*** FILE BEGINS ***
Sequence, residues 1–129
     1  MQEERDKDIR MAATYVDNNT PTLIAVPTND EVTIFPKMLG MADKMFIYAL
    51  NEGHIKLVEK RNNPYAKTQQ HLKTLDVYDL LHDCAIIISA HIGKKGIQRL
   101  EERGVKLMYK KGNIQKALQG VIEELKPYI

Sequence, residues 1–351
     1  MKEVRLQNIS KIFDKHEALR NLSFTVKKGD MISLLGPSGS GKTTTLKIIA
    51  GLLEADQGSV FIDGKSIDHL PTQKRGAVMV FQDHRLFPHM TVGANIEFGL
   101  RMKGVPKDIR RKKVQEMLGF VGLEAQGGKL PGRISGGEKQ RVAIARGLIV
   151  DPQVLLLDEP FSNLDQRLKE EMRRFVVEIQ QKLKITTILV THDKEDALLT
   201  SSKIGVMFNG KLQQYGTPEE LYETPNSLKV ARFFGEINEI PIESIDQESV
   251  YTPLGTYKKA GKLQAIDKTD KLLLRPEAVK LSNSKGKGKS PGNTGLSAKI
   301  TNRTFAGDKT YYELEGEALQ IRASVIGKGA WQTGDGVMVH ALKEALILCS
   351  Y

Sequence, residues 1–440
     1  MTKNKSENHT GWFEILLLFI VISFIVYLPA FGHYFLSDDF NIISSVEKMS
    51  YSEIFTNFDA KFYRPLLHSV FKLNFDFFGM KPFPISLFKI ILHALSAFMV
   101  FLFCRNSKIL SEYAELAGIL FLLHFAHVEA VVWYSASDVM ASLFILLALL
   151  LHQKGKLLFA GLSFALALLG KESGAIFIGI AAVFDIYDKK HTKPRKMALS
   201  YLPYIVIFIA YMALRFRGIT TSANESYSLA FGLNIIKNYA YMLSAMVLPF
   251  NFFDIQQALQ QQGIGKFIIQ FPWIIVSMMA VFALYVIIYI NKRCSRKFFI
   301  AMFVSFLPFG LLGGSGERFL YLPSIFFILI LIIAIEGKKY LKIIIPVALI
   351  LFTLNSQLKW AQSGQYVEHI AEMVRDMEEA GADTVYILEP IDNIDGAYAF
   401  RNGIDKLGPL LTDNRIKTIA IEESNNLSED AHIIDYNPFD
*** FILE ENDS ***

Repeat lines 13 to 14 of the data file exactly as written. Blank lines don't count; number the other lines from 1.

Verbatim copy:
   351  Y

Sequence, residues 1–440